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Mother Earth Spirituality

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  1. Mother Earth Spirituality • New Age Worldview adds two elements: • Animism: • Animal spirits • Totem animals • Power animals: • Bear: strength, resourcefulness, protection • Owl: perception, wisdom, instinct • Wolf: sensitivity, guidance, truth • Eagle: intuition, inspiration, achievement • Nature-based • Mother Earth spirituality theology = reverence for Earth as Mother • Social activism: • Anti-pollution; pro-native issues such as protection of burial sites, etc., anti-war

  2. “A Vision of Hope” • Mother earth spirituality is based on premise that First Nations spiritual teachings can help the entire world find an ecologically sustainable, peaceful global society… “Hope”

  3. Varieties • Three Main Types: • Tribal Reconstructionist • Native peoples attempt to reconstruct & revive own tribe’s spiritual traditions • Added elements include concern for environmental & social justice issues • Pan-Indian Spirituality • Native people’s adoption of generic “Sioux” inspired spirituality to replace lost traditions • Political component – American Indian Movement (AIM) uses Mother Earth spirituality to foster two goals: 1) develop sense of pan-Indian identity that transcends tribal lines; 2) distinguish lands, rights, religion of native peoples from non-Native – “whites” excluded from rituals • New Age Mother Earth Spirituality • Native & Non-Native people’s attempt to practise spirituality inspired by Native (primarily Sioux) traditions • Appropriate for any person drawn to earth-based, environmentally sound, healing-oriented spiritual tradition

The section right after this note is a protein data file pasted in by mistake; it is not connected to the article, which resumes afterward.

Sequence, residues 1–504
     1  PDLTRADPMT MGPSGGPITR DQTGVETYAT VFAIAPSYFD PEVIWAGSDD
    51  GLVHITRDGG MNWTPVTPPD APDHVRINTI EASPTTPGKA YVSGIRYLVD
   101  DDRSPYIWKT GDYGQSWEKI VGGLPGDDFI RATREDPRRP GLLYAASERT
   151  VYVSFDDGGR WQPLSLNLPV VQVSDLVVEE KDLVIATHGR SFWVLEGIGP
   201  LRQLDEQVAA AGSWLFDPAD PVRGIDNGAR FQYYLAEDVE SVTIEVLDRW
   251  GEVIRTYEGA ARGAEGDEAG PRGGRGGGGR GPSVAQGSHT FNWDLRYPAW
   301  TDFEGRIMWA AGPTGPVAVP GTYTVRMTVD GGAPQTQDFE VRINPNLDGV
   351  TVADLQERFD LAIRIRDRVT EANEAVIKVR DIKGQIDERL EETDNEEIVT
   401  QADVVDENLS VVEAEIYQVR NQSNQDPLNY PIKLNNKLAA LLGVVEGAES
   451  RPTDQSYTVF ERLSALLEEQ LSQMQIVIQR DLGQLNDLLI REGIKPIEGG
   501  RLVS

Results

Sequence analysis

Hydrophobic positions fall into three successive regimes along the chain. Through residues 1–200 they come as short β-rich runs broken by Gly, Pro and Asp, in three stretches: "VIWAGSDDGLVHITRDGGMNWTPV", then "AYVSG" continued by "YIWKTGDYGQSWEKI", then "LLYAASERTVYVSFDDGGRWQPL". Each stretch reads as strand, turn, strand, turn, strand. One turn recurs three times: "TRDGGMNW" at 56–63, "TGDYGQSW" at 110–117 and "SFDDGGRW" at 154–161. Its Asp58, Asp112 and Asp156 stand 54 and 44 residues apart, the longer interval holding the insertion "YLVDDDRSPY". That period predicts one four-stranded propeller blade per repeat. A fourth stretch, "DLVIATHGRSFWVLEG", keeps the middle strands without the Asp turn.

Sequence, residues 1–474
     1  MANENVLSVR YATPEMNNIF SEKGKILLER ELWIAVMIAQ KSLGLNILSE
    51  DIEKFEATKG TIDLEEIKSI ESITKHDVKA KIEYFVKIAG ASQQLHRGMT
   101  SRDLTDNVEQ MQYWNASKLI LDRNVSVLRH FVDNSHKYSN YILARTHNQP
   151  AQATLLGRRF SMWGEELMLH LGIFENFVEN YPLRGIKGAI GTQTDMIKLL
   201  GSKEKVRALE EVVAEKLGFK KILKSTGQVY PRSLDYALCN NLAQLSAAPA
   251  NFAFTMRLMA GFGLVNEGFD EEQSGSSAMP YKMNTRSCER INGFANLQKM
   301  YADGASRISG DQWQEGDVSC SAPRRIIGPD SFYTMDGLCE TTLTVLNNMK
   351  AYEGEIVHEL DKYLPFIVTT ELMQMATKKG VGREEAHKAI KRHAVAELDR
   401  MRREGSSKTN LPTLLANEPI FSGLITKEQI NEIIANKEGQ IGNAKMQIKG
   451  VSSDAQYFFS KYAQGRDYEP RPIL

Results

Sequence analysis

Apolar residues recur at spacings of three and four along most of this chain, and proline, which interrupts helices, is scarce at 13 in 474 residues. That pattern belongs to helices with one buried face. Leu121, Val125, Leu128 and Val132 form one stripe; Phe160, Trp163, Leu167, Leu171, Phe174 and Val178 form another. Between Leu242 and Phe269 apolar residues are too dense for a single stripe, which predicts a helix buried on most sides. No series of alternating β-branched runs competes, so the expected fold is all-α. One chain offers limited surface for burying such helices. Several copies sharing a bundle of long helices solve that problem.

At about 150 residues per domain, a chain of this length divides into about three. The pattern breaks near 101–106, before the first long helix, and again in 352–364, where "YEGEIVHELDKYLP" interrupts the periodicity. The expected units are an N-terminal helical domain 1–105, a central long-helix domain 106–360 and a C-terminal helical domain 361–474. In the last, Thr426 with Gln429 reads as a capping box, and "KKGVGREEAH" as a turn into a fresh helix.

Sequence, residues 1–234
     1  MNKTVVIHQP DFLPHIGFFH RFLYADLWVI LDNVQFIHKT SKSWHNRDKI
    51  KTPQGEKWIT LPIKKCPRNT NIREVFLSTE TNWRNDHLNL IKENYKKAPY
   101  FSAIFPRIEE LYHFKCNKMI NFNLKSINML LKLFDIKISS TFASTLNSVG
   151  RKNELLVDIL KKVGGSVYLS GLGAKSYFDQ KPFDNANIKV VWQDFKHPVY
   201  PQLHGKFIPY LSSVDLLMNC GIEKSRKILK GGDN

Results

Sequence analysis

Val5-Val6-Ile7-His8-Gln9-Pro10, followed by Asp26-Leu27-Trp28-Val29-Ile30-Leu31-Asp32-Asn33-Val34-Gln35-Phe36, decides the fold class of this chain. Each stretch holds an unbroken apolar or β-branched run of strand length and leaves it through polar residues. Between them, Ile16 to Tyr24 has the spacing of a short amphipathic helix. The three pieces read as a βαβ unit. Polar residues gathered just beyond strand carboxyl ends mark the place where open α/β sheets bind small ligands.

4. Primal Shamanism • 4th “type” of Mother Earth Spirituality • Draws on world’s shamanic traditions (not just Native American) • Michael Harner, author The Way of the Shaman (1980) • Foundation for Shamanic Studies (1983) • Does NOT stress reverence for Mother Earth, but does provide training in shamanism for many non-Natives who DO practice Mother Earth spirituality Michael Harner

  5. Bear Tribe Medicine Society • Sun Bear (Vincent La Duke) born 1929 (Ojibwa) • Sun Bear’s Vision (age 4): bear surrounded by globes of many colours, who touches his hand • Sun Bear’s interpretation of Vision: called to unite peoples of all colours in spiritual goal to heal earth. • Bear Tribe Medicine Society founded in 1966 • Society now headquartered in Klamath Falls, Oregon: holds yearly cycle of festivals & training program in shamanic techniques. Sun Bear & successor Dixie Wind Daughter

  6. Rituals: Medicine Wheel • Key proponent = Bear Tribe Medicine Society • Weekend long ritual • Participants “smudged” (sage, sweetgrass) • Build circle of 36 stones, representing sacred places in the universe • In centre of circle, buffalo or other animal skull placed, symbolic of Creator & centre of universe • Participants make “tobacco ties” & place them in circle with prayers for healing the earth • Ties made in one of four cardinal colours (west/black; north/white; east/red;south/yellow) • Other events at Bear Tribe Medicine Wheel weekends: sweat lodges, healing sessions, classes on shamanism, herbal ore, etc. • Key topic: Earth Changes • Earth has been poisoned, she is attempting to cleanse herself of the poisoning • This will lead to weather changes, earthquakes, etc. • Medicine wheel will help earth cleanse herself by representing image of perfectly aligned universe Sun Bear’s vision of a medicine wheel with symbolism